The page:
After months of anticipation, two new lines by CLE Cigars have finally arrived on the market this summer. The product release targeted for June/July 2013 coincides with the opening of the Aladino Cigar Factory in Honduras, where both new lines – the EIROA and CLE PLUS -- are produced.

CLE Cigars founder Christian Luis Eiroa was practically raised around cigars from the cradle. His father, Julio Eiroa, was the patriarch of the Camacho Cigars, as was his father before him. Eiroa Sr. made his mark as the world’s largest Candela tobacco farmer of his time. But junior’s introduction to the family business was far from smooth. In fact, the rebellious Christian Eiroa became involved in the company nearly by default, after a finance company he was working for was sold and he agreed to absolving a short stint of employment at his father’s company.

Reluctant to be known merely as his father’s son, Eiroa nevertheless found the business enjoyable. Eiroa entered the company at a time when tobacco was difficult to procure, but the young Honduran-born man rose to the challenge of producing supply by travelling the world in search of quality product. Young Eiroa soon took over the family’s Caribe Imported Cigars business in Miami.

After learning the ropes and advancing in the family business, Christian Eiroa struck out on his own in 2012. Camacho had been sold to Davidoff four years earlier, and in the first half of 2012, Christian Eiroa announced he would launch his own business with the formation of CLE Cigars.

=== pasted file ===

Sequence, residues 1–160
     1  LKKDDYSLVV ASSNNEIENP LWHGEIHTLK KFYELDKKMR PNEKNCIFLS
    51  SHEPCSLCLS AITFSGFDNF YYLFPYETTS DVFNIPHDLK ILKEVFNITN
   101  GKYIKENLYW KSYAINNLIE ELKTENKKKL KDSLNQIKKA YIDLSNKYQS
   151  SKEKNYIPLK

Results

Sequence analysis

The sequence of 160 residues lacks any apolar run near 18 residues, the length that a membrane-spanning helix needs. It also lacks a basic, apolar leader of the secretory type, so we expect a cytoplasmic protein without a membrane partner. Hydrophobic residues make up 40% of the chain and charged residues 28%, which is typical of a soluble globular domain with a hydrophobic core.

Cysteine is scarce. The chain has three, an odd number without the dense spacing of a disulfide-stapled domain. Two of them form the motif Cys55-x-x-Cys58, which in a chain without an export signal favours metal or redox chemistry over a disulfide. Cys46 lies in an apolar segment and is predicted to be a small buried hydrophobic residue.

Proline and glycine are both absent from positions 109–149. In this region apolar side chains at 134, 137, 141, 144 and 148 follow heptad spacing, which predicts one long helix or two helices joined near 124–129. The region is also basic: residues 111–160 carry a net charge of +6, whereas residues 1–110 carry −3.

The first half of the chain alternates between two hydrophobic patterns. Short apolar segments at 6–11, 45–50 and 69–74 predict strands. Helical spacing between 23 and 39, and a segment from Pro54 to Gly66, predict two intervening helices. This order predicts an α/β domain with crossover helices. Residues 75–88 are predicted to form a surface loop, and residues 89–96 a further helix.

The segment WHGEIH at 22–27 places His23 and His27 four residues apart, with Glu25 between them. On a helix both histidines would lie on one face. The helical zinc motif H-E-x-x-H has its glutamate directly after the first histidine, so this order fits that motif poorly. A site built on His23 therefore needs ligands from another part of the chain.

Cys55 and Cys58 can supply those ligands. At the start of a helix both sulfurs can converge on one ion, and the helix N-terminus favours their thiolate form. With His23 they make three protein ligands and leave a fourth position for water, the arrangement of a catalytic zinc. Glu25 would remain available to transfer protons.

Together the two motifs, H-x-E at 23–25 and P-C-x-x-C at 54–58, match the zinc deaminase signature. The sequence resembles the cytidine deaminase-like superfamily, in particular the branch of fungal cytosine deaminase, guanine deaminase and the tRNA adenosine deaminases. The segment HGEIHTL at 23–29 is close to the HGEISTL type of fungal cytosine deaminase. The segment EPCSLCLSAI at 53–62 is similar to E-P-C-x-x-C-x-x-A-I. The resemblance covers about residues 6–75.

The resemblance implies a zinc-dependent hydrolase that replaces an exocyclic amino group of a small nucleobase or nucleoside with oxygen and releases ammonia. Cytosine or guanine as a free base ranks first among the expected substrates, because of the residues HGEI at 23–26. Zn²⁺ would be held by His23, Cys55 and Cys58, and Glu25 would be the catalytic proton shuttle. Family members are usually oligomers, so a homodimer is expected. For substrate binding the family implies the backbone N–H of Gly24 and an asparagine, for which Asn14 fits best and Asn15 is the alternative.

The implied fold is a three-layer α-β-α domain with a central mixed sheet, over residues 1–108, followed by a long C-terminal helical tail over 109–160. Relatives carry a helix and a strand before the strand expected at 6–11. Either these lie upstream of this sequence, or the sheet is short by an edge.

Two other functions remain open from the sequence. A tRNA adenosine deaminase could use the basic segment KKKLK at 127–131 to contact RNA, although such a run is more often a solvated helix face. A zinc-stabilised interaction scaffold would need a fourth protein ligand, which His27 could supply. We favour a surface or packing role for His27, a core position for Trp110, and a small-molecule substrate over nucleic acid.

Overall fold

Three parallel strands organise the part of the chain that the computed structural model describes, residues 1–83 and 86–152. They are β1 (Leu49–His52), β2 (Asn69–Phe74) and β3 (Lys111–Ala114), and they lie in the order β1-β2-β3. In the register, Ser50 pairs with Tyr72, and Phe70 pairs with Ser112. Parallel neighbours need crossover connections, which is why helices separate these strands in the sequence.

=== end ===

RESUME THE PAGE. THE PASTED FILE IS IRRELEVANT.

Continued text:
One of Christian Eiroa’s first products was the Cuarenta, named so in honor of Christian Eiroa’s then-upcoming 40th birthday. Other early lines include the Corojo and the Connecticut. Christian Eiroa’s new venture stands under the umbrella of Fabricas Unidas, which presents itself as the parent company to Eiroa’s CLE Cigars. Eiroa’s now one-year-old company stands side by side with renowned industry names such as Asylum, Wynwood and Edgar Hoill.

The Cuarenta is without a doubt the signature product of Eiroa’s CLE Cigars series. Described by reviewers as “tasty” and “mellow yet bursting with character,” the Cuarenta features a Habano-seed wrapper encasing a flavor-rich blend of aged Honduran longfillers. Notes of cedar and earth intermingle with the aromas of spice and coffee, creating a medium-bodied stogie aficionados label as complex yet silky smooth from beginning to end.

The Cuarenta’s brother, the Corojo, is also a Honduran blend and similarly described in most favorable terms. Another medium-bodied blend, the Corojo is said to be “teeming with hearty nuances” of zesty, warm flavors such as pepper, wood, earth and espresso. Reviewers say the stick burns evenly throughout and delights with a smooth vanilla finish.

The third blend in the series is the Connecticut. It differs from the Corojo and Cuarenta in its wrapper origin, which is made of Ecuadorian Connecticut Shade leaves. The filler and binder are still Honduran, but unlike the other two blends, this one is labeled as full-bodied and full-flavored. The foot is said to surprise with scents of nutmeg, earth, wood and grass. Reviewers further describe the smoking experience as rich, creamy and cool, enriched by nutty and peppery notes enhanced with a trace of sweetness.

If history is an indicator at all, the new EIROA and CLE PLUS brands can be expected to please.

POSTED ON Oct 14, 2017


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